12 Curly Questions for an Author – With thanks to Kids’ Book Review for posing the questions.
I have a penchant for nougat.
Libby. My real name is Elizabeth.
To lose my imagination (or my wallet).
I write in a lyrical and lucid style, I hope! The other eight must be for the reader to judge.
Passionate, curious, poetic, practised, still-learning.
Being Alice from Alice in Wonderland would be quite a hoot because Wonderland would yield up more and more I’m sure, if you could go there at will.
If I were to go back in time I would go back to the eighties when my children were young and do it better than I did the first time round.
This is the stuff that dreams are made of…
Older people in my family (I like the term elders) who read or recited poetry aloud to me. Writers who took me by the hand and still do either by example thus giving permission, (like the works by Calvino or Marquez) and picture books like Rose Blanche by Roberto Innocenti, which gave me permission to write hard texts like Way Home; and sometime face to face discussions.
I read avidly and wanted to write something that would be entertaining to me. My family was a great audience especially for my poems. And then later, I longed for a wider audience so took courage and presented my first story to a publisher…
I don’t have a favourite but I do fall in love with word at certain times and they find a way into my poetry, likes susurrations or threnody. And I like the sound of words with zz in them- fizzy, fuzzy and so on.
A book of Shakespeare’s plays because I discover things every time I read one of them and the deft and imaginative use of language, the deep understanding of human nature is always enthralling to me.
With thanks to St Catherine’s School, Waverley, NSW
It’s usually my latest books in this case my latest picture books are Incredibilia and A Soldier a Dog and a Boy as well as Outside 2014; and my Anzac novel for older readers Eventual Poppy Day. (Harper Collins 2015). But I have a secret affection for Thunderwith my first young adult novel some 27 years in continuous print and a movie (The Echo of Thunder) with Hallmark Hall of Fame.
I work to make my texts poetic and many picture books are in verse, e.g the last three picture books Outside and A Baby for Loving (Little Hare) and A Boy Like Me: A story about peace. (Harper Collins)
The tools of trade of the poet are perfect for this form. Succinctness, rhythm in language, a ‘singing’ repetition and a perfect surprise or satisfactory rounding at the end. Watching my audience from 4 to 40 (and even 400 in India this year) respond to the text and take part in the text by chanting familiar lines, is proof perfect for me that the audience is ‘feeling’ the text. And the writing afterwards shows they are models to children of creative writing itself.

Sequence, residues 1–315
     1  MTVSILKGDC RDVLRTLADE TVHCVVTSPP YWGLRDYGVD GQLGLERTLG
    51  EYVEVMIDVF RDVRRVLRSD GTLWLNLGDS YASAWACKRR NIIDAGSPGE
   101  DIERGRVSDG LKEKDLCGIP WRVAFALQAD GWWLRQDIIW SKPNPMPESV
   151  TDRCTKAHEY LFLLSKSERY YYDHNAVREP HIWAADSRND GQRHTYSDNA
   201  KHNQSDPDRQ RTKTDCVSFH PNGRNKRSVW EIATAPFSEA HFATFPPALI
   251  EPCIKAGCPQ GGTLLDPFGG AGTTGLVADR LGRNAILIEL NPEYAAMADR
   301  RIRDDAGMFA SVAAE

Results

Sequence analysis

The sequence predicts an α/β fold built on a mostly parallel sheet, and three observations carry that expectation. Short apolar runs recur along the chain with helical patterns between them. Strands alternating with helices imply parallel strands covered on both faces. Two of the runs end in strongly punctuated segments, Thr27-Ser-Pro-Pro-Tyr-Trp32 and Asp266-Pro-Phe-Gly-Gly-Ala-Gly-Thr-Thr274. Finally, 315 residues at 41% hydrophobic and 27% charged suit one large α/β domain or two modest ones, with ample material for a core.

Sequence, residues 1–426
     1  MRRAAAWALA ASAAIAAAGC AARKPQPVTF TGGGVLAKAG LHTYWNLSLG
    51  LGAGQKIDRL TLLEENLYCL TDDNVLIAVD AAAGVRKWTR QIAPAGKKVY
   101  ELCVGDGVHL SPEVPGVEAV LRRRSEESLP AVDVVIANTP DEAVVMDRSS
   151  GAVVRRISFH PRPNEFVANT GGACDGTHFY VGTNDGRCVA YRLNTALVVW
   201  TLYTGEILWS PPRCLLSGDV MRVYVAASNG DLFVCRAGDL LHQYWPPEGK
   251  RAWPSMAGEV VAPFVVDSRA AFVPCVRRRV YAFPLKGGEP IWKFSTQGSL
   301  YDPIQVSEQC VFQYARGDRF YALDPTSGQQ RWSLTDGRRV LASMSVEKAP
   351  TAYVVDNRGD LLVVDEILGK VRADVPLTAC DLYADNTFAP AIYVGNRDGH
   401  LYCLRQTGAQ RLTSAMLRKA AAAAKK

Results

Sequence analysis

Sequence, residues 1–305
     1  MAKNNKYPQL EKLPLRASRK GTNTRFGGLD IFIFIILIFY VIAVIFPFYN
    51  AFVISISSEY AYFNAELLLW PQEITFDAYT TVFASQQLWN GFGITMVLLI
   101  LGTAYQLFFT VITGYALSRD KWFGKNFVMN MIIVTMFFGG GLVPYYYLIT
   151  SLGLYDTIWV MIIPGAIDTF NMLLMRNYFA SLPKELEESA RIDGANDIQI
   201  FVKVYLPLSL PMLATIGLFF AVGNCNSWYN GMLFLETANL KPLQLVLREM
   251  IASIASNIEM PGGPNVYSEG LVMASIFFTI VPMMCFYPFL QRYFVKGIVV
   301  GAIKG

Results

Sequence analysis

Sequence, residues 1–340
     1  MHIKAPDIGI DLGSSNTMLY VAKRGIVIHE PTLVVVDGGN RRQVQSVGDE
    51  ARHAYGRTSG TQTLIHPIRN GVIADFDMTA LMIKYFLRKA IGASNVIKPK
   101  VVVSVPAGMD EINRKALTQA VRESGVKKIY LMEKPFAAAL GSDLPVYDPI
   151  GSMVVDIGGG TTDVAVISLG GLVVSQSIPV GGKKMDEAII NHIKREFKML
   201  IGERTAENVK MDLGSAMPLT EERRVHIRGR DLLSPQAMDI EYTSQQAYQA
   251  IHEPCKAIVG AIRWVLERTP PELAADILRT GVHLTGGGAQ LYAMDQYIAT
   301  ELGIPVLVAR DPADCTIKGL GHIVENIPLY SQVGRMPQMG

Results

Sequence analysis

Being exposed to quality texts acts in manifold ways- as sheer enjoyment which is key but it is deeper than that. For picture books it can act as an engaging model of language, it can tempt children to go beyond the text into the world of dreams. And for older readers, more so. To write creatively young writers need to feel free of the constraints of right and wrong and as if they are on a heady path of discovery of themselves.
That my texts leave a certain ‘sweetness’ in the air and a feeling of satisfaction that only good story can bring. That children would like to hear it again and again if they are little ones; that they are interested to explore it further with artwork or craft work; that they use it as a model to invent a text of their own if they are older. If a novel, that they are reluctant to leave the world I’ve painstakingly created as a writer and that they’ve identified with its characters in a meaningful way.
Poetry is the ‘guilty’ party! Poetry! Being read it as a child, writing it as a child, reading poetry for myself when I was older, writing it all my life, is a large part of the reason that I write. In fact I owe a lot to poetry for my creative and my emotional life and at any chance I have with children (especially in workshops or at readings) I show them my love for poetry by reading it, by teasing out the emotion it hatches/ferments/distils in us and by encouraging them to write it. For to me it is the kernel of creativity- metaphorical language- forging fresh new thought- is one of the most powerful satisfactions a creator can have.
Poetry is entwined with the stuff of emotion, of who we are as human beings and children feel this most keenly and can express it well if we are careful not ‘educate’ honest and passionate thought out of them. As an adult, both writing (or thinking it) and reading poetry is part of the fabric of my life so therefore my writer’s routine. Not that I have a strict routine except to say I am a keen reader of novels and poetry and of re-reading favourite poets whose work still makes me wonder…
My life has been dedicated to writing- my first ‘published’ poem for my family was at 5 years old. I was a lucky child who was not only read poetry but was supported in my efforts of writing it. I truly believe that reading and re-reading of favourite family poems from nonsense to high drama, poetry not to be studied or questioned but just for sheer enjoyment is a way of subtly seeding the ground for creative thought.